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Rise of Social Capital Market: First NGO Gets Listed in India

After being proposed in 2019, the first NGO was listed on the Social Stock Exchange in India.

In her Budget Speech for the financial year 2019-20, Hon’ble Finance Minister Shrimati Nirmala Sitharaman proposed the idea of an electronic fundraising platform for social enterprises and voluntary organisations. 

Social Stock Exchange (SSE) is an electronic platform built following the Securities and Exchange Board of India’s regulatory guidelines (SEBI) for Not-for-profit and for-profit social enterprises. It is set up as a new separate segment on the National Stock Exchange (NSE) and Bombay Stock Exchange (BSE). 

SSE will act as a medium between Social Enterprises and fund providers. The platform would help social enterprises working for the realisation of a social welfare objective to raise capital from a much wider pool of investors and donors. 

Currently, 39 NGOs have registered themselves with the NSE and 37 with the BSE. Under the SEBI’s Issue of Capital and Disclosure Requirements Regulations, any entity should meet three criteria to be eligible to get registered and listed on the SSE. 

The entity must be involved in activities prescribed under Regulation 292E(2)(a) of the Issue of Capital and Disclosure Requirements Regulations, like eradicating hunger and poverty, promoting health care and education, and promoting gender equality. 

The entity must target underserved or less privileged population segments or regions which have recorded lower performance in the development priorities of central or state governments.

Finally, the entity shall demonstrate either one of the following:

  1. At least 67% of the immediately preceding 3-year average of revenues comes from providing eligible activities to members of the target population

OR

  1. At least 67%of the immediately preceding 3-year average of expenditures has been incurred for providing eligible activities to members of the target population

OR 

  1. Members of the target population to whom the eligible activities have been provided constitute at least 67% of the immediately preceding 3-year average of the total customer base/beneficiaries.

After consultations with the market regulator SEBI, the minimum issue size was brought down to Rs 50 lakh from Rs 1 crore for NGOs. Similarly, the minimum application size was reduced from Rs 2 lakh to Rs 10,000.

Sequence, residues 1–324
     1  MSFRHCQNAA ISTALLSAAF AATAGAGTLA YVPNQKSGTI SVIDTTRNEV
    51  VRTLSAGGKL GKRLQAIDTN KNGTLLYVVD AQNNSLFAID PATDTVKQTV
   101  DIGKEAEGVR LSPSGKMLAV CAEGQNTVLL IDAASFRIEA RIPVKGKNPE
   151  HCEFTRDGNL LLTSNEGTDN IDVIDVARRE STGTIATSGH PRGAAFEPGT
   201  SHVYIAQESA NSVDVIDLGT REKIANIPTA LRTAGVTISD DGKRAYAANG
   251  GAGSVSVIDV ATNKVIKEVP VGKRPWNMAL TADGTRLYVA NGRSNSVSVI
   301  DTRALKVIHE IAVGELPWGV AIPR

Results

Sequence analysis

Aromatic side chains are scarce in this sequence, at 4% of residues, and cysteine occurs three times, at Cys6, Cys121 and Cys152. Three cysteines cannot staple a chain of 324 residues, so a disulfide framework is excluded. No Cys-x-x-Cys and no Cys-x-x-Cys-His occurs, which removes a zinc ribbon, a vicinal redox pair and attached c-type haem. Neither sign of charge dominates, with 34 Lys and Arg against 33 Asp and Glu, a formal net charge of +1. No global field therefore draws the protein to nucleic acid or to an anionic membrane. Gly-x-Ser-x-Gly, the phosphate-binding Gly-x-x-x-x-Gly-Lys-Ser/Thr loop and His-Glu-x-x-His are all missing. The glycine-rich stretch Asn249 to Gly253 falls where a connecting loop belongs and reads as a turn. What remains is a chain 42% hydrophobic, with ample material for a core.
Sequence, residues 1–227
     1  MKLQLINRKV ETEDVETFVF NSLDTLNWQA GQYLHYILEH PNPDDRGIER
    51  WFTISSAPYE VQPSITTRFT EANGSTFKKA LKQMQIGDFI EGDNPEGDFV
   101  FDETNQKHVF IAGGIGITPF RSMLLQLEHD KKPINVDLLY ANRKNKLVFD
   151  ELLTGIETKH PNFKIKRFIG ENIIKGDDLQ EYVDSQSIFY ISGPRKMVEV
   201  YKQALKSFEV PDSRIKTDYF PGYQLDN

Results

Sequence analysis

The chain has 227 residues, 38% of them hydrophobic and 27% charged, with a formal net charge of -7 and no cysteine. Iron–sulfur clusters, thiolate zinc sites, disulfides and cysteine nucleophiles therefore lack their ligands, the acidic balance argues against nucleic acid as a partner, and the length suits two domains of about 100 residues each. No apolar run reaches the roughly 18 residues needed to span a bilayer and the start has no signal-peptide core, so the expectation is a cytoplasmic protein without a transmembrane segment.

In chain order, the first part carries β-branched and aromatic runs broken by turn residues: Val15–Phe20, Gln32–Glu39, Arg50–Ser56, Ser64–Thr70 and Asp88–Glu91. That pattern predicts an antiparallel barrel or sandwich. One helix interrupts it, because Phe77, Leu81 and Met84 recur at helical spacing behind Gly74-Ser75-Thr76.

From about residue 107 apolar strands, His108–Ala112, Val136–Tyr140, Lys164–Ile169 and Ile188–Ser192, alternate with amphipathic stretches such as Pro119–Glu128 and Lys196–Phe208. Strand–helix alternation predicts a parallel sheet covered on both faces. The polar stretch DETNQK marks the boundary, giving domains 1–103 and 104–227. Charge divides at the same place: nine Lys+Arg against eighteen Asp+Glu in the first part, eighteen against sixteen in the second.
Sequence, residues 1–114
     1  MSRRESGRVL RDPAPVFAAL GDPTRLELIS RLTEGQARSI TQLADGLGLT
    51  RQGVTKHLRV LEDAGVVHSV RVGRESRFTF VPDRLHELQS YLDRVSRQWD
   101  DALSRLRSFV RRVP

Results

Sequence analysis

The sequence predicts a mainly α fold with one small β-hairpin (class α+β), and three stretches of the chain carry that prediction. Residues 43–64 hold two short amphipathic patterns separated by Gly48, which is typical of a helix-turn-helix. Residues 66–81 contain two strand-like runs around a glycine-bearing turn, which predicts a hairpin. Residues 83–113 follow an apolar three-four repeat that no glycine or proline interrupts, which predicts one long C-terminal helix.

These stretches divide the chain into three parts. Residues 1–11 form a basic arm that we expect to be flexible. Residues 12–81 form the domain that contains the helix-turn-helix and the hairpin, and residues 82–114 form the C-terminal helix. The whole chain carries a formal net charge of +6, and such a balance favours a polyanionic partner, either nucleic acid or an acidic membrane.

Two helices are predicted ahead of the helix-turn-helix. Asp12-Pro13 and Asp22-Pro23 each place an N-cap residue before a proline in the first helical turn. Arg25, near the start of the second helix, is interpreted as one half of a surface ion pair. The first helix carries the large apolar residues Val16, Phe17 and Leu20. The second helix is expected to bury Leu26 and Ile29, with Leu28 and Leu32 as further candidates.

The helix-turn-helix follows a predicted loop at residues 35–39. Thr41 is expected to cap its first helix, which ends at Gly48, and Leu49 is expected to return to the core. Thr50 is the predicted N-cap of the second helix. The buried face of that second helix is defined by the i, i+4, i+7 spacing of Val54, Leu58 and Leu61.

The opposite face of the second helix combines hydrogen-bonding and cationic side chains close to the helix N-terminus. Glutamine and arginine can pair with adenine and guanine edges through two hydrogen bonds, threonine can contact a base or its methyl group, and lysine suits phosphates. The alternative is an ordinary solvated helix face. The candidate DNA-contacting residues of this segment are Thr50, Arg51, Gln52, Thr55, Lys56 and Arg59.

First NGO Listing

On December 13, SGBS Unnati Foundation became the first NGO to be listed on the Social Stock Exchanges of the BSE and the NSE. The NGO sought to raise Rs 2 crore to train graduates from government colleges and assist them in employment placement via its UNXT program. The subscription for the issue was undersubscribed and reached 90%, raising about Rs 1.8 crore. 

Zerodha was the major donor, with a donation of Rs 1 crore. Rest was contributed by the National Bank For Agriculture And Rural Development (NABARD), Govind Iyer and Ashish Kacholia, donating Rs 30 lakh, Rs 20 lakh, and Rs 30 lakh, respectively.

Key Benefits for NGOs and Donors

  • Improved Market Access- NGOs usually have a concentrated donor base and repeatedly approach the same people for funding. The SSE would provide a common meeting ground between social enterprises and investors or donors nationwide.  
  • Transparent and Outcome-based Philanthropy: Performance of the social enterprises listed on SSE would be tracked by a qualified chartered accountant, enhancing transparency and accountability. The ‘social impact assessor’ will review the progress and issue a report. Donors will be able to track how their funds are being used. 
  • Credibility: Investors or Donors would be more confident donating to NGOs listed on the SSE, as names like SEBI, NSE, and BSE are associated with them.

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